Randang, a Ceremonial Food of the Minangkabau. 

One of the most famous food dishes of Indonesia is Randang, which is a ceremonial food from the Minagkabau people of west Sumatra. And because the capital of west Sumatra is Padang this dish became famous in the world as Randang Padang.

Minang House

Minang House

Today Randang Padang is made all over Indonesia and even in other countries in the world, especially in the Netherlands and the United States of America where many Dutch-Indo’s and Indonesians are living.
But the taste differs in many ways, because of the different uses of spices, the way it has been prepared and the way it is cooked.

In the book “Walk in Splendor” is written:

Randang 360x240

Aside from believing that food cooked at home simply fits a person’s constitution better than food from anywhere else, many Minangkabau fear that food from elsewhere may adulterated with substances that do not agree with them. In extreme cases, strange food is feared to have been deliberately poisoned or contaminated with Filth by witches or demons who only appear to be human beings.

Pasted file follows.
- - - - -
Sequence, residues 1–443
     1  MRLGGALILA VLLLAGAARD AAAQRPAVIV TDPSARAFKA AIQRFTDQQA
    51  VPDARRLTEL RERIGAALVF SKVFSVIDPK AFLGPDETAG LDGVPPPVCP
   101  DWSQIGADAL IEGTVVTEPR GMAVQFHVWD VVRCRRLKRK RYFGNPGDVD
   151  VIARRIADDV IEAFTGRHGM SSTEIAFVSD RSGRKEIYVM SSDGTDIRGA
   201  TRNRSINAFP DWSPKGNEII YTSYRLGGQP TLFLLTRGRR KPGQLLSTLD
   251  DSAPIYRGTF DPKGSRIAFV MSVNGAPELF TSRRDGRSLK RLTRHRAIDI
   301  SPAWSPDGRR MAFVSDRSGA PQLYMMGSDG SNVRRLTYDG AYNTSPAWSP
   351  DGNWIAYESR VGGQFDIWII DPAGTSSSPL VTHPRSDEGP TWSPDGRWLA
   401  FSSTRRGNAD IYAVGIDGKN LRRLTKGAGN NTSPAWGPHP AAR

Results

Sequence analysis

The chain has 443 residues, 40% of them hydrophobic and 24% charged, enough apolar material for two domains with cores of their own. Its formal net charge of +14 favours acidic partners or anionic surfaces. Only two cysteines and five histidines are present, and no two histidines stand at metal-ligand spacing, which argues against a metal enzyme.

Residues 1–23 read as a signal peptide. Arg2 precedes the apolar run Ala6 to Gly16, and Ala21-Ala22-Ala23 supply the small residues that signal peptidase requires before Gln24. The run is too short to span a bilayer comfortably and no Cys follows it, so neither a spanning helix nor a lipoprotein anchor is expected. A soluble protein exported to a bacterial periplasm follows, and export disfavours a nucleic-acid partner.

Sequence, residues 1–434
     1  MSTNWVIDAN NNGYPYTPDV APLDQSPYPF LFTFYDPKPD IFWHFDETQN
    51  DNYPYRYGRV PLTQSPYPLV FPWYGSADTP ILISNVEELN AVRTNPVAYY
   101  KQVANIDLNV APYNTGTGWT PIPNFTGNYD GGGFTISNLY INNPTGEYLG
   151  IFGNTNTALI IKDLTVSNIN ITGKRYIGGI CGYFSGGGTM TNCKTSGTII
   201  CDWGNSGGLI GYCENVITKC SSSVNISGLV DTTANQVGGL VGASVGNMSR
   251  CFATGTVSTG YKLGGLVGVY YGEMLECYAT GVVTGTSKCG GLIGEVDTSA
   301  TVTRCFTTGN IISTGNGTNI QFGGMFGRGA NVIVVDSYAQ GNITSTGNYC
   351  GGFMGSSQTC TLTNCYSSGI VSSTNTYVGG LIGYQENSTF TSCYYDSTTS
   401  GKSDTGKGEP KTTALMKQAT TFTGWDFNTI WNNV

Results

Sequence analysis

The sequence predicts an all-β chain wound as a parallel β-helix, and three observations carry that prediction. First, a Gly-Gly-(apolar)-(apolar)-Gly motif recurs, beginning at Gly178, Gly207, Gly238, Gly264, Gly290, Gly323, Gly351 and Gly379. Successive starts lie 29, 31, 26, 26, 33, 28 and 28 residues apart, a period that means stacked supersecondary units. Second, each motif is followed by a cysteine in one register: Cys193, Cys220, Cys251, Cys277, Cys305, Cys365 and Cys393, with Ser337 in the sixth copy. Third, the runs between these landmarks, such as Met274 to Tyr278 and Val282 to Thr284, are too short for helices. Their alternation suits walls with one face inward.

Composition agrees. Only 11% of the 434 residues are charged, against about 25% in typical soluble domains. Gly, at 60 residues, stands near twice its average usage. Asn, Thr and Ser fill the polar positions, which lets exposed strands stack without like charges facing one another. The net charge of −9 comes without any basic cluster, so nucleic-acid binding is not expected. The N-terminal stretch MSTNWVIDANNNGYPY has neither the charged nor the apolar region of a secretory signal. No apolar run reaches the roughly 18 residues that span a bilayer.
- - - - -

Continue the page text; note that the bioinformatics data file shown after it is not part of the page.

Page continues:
It is likely that many Minangkabau would prefer to take their whole kitchen with them when traveling, but barring that in mind, they pack their preferred travel food, a dry and sometimes very spicy meat dish known as Randang. Because the dish Randang is taken abroad by Minangkabau people and it is served today in Minangkabau restaurants abroad, it became famous as the spicy  Randang Padang.
Randang is cooked by simmering red meat, originally meat from the water buffalo, in coconut milk and many curry spices mixed with hot peppers over low heat  for many hours of stirring, until the saus is completely gone and has crumbled and covered by the spices.
Red meat can be replaced by goat or chicken meat, jack fruit or fish and even shrimp.
As a result of the long and slow cooking process, the coconut milk, spices and meat becomes dark brown to black and it is said to keep for weeks without refrigeration.
The original Randang from the Minangkabau has a spicy, rich, slightly sweet (but sugar is not used!) and smoky taste.
All the basic food preparation, including squeezing the fresh coconut milk, is done by women. Men are doing the heavy lifting of the wadjan, pouring and especially the many hours of stirring.